It is normal for people to become quite nervous during an interaction with law enforcement. People can become so anxious that they behave in abnormal ways or speak in a way that puts them at legal risk. Some people do their best to be as compliant as possible with the police officer’s requests. They think that by working with an officer, they can prove their innocence and quickly move on with their day.
Unfortunately, police officers do sometimes try to manipulate people into giving up their rights and making other mistakes that could have a serious negative impact on their future. For example, police officers may ask to look through someone’s car or home, and people may agree. However, if an officer asks for permission, they likely don’t have grounds to search without it, which is important for adults to understand as the consequences of a search can be significant.
When can an officer lawfully search private property in North Dakota?
When they have a warrant
The most formal means of legally searching private property requires that a police officer first go to the courts. A judge can sign a search warrant when they believe the situation justifies a search of private property. Even then, the warrant will indicate a specific location and scope for the search that police officers have to follow.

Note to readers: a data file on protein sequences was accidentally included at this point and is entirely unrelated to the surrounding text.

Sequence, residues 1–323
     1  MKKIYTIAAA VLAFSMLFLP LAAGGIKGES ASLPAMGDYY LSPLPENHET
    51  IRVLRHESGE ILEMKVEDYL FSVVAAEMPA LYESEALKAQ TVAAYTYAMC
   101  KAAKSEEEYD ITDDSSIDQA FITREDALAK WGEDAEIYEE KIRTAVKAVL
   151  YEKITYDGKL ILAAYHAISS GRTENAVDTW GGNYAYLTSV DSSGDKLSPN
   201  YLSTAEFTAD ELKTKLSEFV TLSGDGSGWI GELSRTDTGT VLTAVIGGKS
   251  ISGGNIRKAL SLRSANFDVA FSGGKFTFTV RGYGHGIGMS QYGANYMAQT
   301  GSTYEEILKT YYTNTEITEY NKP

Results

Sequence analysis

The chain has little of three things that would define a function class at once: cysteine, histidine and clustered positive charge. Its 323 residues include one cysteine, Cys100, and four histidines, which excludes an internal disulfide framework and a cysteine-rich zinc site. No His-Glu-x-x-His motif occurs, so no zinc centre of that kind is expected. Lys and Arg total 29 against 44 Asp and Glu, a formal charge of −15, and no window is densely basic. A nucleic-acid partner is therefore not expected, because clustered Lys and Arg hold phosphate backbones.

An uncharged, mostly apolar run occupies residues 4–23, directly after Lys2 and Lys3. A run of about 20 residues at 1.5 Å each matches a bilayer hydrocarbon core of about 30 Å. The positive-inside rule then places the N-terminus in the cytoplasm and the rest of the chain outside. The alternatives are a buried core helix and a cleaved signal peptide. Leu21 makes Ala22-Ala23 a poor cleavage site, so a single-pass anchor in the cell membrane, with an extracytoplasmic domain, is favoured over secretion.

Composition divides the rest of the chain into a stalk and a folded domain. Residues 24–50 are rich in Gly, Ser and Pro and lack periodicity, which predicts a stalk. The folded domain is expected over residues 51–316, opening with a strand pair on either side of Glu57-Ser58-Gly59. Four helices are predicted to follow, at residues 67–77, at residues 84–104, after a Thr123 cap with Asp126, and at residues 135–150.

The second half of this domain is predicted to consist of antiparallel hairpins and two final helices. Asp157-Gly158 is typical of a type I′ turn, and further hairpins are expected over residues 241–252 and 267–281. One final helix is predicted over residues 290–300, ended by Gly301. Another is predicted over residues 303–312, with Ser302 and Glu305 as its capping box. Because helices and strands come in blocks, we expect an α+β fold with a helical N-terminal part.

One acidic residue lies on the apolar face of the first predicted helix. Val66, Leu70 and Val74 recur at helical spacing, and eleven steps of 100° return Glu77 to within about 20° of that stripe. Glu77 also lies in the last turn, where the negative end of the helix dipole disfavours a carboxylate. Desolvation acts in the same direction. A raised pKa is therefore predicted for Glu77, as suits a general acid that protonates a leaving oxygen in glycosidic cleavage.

When they have probable cause
Police officers can search without notice or going to court first if they have reasonable and strong suspicion of criminal activity. They generally need to suspect a specific criminal act and have some explainable source for their suspicion. Smelling drugs in a car or house might give an officer probable cause. Encountering someone in a high-crime area typically would not.
When they obtain permission
Often, police officers do not have probable cause and are not in a position to obtain a warrant. Instead, they will try to trick people into agreeing to a search. People can most effectively protect themselves against inappropriate prosecution and police activity by knowing their rights and asserting them. Politely but firmly telling an officer that there is no consent for a search could be a choice that helps someone avoid criminal prosecution.
Learning more about what restricts certain police behavior in North Dakota may benefit those who encounter the police or end up facing criminal charges.